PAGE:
Jessup says, “I am convinced that everything that is worthwhile in the world has been accomplished by the free, inquiring, critical spirit, and that the preservation of this spirit is more important than any social system whatsoever. But the men of ritual and the men of barbarism are capable of shutting up the men of science and of silencing them forever.”
I’ve tried not to give any spoilers while sharing provocative quotations. You’ll need to read to find out what happens, and if this 1930s dystopian USA is saved—or not.
In this fourth Francis Bacon mystery, author Anna Castle strikes a perfect balance among her lead characters, each pursuing his or her own life goals and his or her unique approach to solving the same mystery, the murder of a several writers hired to counter the pamphlets of a popular and witty critic of the Church of England sometimes. (Pamphlets were the popular media of the day.)
The reader is onto a secret known to Lady Alice Trumpington but not to Bacon or his clerk and her close friend, Tom Clarady. I won’t say what it is, even though it’s revealed to the reader fairly soon. Even at that point in the book, it’s such a wonderful revelation, I won’t spoil it. The secret adds a layer of fun to the men’s attempts to solve this aspect of the puzzle. It was a hard mystery to solve overall, with believable red herrings, and I never did figure it out, but when the solution was revealed, it made sense. I could see the clues and motives.
The themes of women’s roles and restrictions, the complexities of the law, and the politics of church and state may sound dense and heavy, but they’re not—not in Castle’s hands. The story is lively and colorful, with diverse settings ranging from the offices of the most powerful people in Elizabethan England to the rough neighborhoods and taverns where writers could be found. Sometimes collaborating, sometimes keeping things from each other, the three leads take the reader on a lively journey peopled with historical personages of the day.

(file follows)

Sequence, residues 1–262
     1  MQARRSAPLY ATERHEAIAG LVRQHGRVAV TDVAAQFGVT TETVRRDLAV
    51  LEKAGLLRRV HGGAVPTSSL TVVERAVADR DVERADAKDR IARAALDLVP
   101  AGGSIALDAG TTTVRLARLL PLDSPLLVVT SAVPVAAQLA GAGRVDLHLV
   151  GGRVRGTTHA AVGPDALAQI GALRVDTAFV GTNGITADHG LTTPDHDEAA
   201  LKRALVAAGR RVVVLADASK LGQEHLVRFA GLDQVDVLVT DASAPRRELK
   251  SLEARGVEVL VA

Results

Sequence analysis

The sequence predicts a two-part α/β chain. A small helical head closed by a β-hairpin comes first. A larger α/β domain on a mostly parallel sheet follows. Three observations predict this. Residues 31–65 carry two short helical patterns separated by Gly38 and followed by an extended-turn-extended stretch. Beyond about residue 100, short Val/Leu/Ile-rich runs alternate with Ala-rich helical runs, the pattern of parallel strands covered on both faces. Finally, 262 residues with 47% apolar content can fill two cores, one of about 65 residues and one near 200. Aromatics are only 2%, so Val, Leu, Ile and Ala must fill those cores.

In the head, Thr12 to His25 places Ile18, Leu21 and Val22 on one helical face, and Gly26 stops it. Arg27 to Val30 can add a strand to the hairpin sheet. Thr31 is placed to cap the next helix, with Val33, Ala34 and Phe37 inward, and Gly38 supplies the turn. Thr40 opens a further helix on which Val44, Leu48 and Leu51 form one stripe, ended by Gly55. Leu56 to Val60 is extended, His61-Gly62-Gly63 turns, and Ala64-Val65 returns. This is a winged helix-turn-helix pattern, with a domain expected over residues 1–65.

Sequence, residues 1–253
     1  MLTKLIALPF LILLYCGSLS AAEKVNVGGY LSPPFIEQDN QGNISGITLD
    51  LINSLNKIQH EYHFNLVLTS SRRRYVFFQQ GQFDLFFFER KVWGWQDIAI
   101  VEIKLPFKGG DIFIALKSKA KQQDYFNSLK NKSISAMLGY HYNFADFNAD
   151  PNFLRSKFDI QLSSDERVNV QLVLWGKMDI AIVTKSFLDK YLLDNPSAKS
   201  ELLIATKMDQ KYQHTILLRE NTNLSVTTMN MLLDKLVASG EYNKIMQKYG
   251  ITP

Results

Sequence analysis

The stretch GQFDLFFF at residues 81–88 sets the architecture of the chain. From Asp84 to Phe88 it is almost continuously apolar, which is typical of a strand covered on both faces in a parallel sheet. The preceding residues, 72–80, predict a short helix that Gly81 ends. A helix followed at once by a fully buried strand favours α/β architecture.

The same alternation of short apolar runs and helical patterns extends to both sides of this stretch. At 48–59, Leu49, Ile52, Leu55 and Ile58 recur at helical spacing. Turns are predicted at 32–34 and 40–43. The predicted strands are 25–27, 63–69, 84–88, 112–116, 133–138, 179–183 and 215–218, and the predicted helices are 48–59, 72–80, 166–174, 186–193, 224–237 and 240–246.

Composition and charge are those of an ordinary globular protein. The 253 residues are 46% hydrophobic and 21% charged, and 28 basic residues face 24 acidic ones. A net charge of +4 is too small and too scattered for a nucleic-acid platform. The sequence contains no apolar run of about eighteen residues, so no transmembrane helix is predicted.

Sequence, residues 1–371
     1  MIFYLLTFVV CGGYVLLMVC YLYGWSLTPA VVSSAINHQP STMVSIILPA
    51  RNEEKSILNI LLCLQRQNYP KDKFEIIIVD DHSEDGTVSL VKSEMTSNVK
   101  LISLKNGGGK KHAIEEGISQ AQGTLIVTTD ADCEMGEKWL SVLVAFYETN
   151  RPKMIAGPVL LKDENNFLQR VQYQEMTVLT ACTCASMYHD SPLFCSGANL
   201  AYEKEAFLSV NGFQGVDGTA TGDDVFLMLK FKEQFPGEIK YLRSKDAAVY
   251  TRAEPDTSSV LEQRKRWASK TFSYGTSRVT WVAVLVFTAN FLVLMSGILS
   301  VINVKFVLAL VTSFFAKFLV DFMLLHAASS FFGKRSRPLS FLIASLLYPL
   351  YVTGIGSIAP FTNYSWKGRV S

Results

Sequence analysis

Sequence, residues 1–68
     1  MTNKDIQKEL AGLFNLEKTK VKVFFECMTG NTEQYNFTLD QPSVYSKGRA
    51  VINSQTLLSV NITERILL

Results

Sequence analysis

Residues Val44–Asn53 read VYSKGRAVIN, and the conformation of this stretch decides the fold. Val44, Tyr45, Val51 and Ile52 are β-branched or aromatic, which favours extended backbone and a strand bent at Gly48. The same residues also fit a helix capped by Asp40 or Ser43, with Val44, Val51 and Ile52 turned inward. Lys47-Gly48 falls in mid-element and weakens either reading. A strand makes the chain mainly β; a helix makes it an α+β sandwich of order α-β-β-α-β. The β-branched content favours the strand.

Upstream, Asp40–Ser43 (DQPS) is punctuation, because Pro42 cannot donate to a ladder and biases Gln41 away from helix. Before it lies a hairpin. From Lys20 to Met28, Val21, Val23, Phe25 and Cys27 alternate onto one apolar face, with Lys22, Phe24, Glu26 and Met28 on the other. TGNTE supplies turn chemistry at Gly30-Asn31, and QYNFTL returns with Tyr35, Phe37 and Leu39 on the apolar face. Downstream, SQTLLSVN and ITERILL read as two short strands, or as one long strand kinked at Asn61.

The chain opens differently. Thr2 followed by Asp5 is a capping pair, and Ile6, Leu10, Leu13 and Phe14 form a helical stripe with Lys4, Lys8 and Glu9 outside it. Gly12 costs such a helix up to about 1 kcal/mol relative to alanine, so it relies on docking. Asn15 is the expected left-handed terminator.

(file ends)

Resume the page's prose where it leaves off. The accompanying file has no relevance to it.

Castle handles backstory well, giving just enough to keep the story flowing with clarity, so if you should decide to start here and go backward, the other stories wouldn’t be spoiled. However, I recommend beginning the series at the beginning and getting to know the characters.
You could read this book just for the words. The language is powerful and often beautiful, with sudden, piercing insights, making this as much literary fiction as a detective novel. In that way, it reminded me of Rudolfo Anaya’s Sonny Baca novels. In other ways, with its the cast of musicians and restless outlaws, The Dark Window reminded of Kerouac.
James Jones, private detective, drinks to excess, uses drugs, and has a lot of friends who are dealers and users. Durham recreates the vibe among that tribe with such accuracy that I felt I had to read the book outdoors; I didn’t want to take these people home with me. That’s how real they are! Jones’s flashes of self-awareness and humor make him tolerable, but never likeable, so it’s high praise of Durham’s art that I felt compelled to keep reading about Jones and his friends and girlfriends, and wanted to know what happened next.
On the surface, the first person narrator, reminiscing and dropping names and anecdotes, seems to ramble, but you’ll quickly realize this under-the-influence voice is telling a tightly plotted tale with as many sharp turns as a mountain road. It comes to a well-crafted and startling end, and wraps up with a softer, more thoughtful surprise in the epilogue. If you like noir detective stories, this one is as noir as it can get.
Mary Roach explores current science on reincarnation, soul weighing, out of body experiences, and also the history of mediums and other interactions with the spirits of the dead. She’s one of the funniest writers I’ve come across. She manages to find the strangest items in the historical record—her chapter on ectoplasm, for example. The fact that it was regarded so seriously at the time it was a popular mediumistic trick is as fascinating as the methods used to produce it.
Roach participates in a training for becoming a medium; takes part in a study on creating the perception of a ghost through infrasound; goes along on reincarnation research trips in India; visits a small North Carolina town where a ghost helped a man win a lawsuit; and more. Her inquiries are serious, but she never takes herself seriously. Much of the humor comes from her ability to laugh at herself, and to notice the workings of her own mind.
Whether or not you believe in ghosts or life after death, you can enjoy and learn from the author’s journey.